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Stuart Franklin
“This photograph was taken in late May, 1989, during the Tiananmen Square uprising, led by Chinese students and their supporters. They were protesting corruption and activating for freedom of expression"Tiananmen Square. Beijing, China. 1989 © Stuart Franklin / Magnum Photos

These are some of the greatest moments of freedom captured with photography

From China’s Tiananmen Square to music festivals in Los Angeles, discotheques in Moscow, and the fall of the Berlin Wall – Magnum is letting you own a slice of history for $100

Historically, 1968 is a landmark of a year. The world fought for the political and social freedoms that had so far seemed out of its reach. Student protests, as well as ongoing anti-Vietnam ones, declarations of independence, and the civil rights movement, were just a few monumental examples. The latter for which Martin Luther King Jr. was hugely influential on before he was tragically assassinated on April 4.

Using the freedoms fought for in 1968 as a jump-off point, Magnum has searched through its archives to launch a new edition of its Square Print Sale – aptly titled “Freedom”. Featuring the lensman and lenswomen who have spent their careers at the forefront of the world’s most seismic moments, those who have seen more intimate, personal, and quiet achievement, and also photographers whose work questions the very idea of freedom and who has access to it. From Bruce Davidson at the centre of the civil rights marches to Stuart Franklin in Tiananmen Square in 1989, Robert Capa capturing the liberation of Paris in 1944, and Dennis Stock at the Venice Beach Rock Festival. Elsewhere, Marilyn Silverstone sneaks onto the Dalai Lama’s train, Ragdu Rai details how she found her freedom after purchasing farmland near Delhi, India, and Newsha Tavakolian shares an image of women entering the sea in Iran.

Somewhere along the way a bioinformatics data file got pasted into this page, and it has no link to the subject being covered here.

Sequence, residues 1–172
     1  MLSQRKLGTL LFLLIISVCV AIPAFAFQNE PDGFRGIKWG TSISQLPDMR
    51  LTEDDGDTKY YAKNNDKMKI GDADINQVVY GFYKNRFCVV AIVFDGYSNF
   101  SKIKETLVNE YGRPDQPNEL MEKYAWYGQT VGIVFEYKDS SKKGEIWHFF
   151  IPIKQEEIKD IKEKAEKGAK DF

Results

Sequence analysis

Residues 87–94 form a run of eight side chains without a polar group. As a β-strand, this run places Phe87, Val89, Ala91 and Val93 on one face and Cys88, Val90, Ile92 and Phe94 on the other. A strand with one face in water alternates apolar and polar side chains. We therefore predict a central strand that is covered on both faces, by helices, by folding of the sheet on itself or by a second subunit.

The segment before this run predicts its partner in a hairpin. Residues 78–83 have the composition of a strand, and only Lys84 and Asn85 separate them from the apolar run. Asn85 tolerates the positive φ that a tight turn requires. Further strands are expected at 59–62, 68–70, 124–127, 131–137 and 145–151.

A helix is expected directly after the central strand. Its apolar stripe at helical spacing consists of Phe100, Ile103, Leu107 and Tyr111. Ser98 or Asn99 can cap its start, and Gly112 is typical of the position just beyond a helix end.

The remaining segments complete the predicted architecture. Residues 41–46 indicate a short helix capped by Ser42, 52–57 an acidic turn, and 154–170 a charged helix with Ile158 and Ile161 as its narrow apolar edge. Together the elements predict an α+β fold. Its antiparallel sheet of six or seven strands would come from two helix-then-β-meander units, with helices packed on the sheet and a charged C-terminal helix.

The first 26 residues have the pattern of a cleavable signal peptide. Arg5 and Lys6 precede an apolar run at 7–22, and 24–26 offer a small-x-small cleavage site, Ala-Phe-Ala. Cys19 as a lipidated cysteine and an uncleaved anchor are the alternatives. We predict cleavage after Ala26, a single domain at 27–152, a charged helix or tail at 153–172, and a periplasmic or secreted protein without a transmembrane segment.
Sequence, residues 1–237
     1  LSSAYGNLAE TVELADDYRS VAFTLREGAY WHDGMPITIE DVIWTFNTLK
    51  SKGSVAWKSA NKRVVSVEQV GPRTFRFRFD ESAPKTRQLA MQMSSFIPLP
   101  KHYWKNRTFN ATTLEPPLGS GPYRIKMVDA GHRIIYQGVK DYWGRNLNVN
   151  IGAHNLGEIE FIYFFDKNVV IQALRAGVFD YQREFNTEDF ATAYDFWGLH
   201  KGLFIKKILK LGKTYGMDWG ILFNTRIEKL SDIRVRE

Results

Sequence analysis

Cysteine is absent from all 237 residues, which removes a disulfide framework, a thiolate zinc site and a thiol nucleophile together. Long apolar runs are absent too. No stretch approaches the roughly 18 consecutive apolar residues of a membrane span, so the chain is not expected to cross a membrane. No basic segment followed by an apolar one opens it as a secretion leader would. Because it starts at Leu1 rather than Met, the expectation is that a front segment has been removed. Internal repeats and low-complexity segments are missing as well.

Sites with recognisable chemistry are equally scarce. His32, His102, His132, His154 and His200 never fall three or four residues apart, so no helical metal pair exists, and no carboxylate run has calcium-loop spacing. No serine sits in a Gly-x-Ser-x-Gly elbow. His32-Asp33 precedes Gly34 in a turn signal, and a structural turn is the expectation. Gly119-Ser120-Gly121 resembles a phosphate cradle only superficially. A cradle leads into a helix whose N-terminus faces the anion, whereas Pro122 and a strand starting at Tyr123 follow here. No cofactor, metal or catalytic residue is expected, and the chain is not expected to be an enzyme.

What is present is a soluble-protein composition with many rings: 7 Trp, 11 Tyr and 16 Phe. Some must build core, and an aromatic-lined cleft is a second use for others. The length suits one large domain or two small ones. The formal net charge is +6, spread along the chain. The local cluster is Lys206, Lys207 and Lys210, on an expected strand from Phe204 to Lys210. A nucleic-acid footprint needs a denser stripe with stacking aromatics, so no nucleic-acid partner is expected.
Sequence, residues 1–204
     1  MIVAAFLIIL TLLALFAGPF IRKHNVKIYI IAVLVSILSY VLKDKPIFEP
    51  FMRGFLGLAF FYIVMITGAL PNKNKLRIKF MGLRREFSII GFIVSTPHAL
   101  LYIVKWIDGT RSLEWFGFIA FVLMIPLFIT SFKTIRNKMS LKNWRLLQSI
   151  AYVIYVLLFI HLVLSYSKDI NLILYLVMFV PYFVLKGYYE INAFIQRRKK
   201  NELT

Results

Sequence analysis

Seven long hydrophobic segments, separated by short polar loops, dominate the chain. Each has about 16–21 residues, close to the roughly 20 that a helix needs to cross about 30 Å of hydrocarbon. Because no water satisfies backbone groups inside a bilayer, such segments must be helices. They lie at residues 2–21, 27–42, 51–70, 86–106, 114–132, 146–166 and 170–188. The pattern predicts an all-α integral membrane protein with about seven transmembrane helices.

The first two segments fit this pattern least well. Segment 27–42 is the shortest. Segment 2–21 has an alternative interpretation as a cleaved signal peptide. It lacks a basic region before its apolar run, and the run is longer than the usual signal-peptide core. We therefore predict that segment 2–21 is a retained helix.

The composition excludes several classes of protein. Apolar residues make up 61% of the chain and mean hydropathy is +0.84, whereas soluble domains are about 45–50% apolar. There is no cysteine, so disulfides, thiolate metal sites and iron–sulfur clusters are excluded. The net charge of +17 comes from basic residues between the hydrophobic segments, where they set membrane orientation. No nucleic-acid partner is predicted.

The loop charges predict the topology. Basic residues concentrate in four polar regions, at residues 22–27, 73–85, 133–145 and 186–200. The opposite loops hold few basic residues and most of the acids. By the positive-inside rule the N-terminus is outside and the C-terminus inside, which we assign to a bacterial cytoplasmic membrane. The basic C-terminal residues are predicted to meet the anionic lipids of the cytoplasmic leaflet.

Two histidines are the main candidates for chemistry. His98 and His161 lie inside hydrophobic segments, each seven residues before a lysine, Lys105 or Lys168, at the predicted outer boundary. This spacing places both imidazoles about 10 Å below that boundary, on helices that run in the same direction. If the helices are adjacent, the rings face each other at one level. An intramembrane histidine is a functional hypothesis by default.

As Magnum launches its $100 print sale which runs over the next five days, we look at some of the moments which made both world history and personal history.